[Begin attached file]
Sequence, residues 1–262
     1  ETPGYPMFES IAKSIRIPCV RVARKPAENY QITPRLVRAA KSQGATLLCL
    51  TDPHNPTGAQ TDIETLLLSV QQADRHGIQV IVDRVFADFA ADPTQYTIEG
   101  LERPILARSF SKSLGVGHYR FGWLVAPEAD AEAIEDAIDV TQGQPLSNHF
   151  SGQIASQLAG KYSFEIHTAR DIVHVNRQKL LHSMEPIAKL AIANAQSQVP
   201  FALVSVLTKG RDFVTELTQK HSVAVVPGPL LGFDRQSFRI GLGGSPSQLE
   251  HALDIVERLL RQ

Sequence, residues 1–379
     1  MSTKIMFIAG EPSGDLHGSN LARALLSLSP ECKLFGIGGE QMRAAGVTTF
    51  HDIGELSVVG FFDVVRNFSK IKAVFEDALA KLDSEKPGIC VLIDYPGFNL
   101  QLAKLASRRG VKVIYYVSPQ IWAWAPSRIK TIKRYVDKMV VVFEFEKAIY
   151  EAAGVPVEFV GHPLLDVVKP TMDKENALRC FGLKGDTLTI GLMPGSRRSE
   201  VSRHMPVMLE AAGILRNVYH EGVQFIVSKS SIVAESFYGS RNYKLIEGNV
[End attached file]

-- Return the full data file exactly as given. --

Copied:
Sequence, residues 1–262
     1  ETPGYPMFES IAKSIRIPCV RVARKPAENY QITPRLVRAA KSQGATLLCL
    51  TDPHNPTGAQ TDIETLLLSV QQADRHGIQV IVDRVFADFA ADPTQYTIEG
   101  LERPILARSF SKSLGVGHYR FGWLVAPEAD AEAIEDAIDV TQGQPLSNHF
   151  SGQIASQLAG KYSFEIHTAR DIVHVNRQKL LHSMEPIAKL AIANAQSQVP
   201  FALVSVLTKG RDFVTELTQK HSVAVVPGPL LGFDRQSFRI GLGGSPSQLE
   251  HALDIVERLL RQ

Sequence, residues 1–379
     1  MSTKIMFIAG EPSGDLHGSN LARALLSLSP ECKLFGIGGE QMRAAGVTTF
    51  HDIGELSVVG FFDVVRNFSK IKAVFEDALA KLDSEKPGIC VLIDYPGFNL
   101  QLAKLASRRG VKVIYYVSPQ IWAWAPSRIK TIKRYVDKMV VVFEFEKAIY
   151  EAAGVPVEFV GHPLLDVVKP TMDKENALRC FGLKGDTLTI GLMPGSRRSE
   201  VSRHMPVMLE AAGILRNVYH EGVQFIVSKS SIVAESFYGS RNYKLIEGNV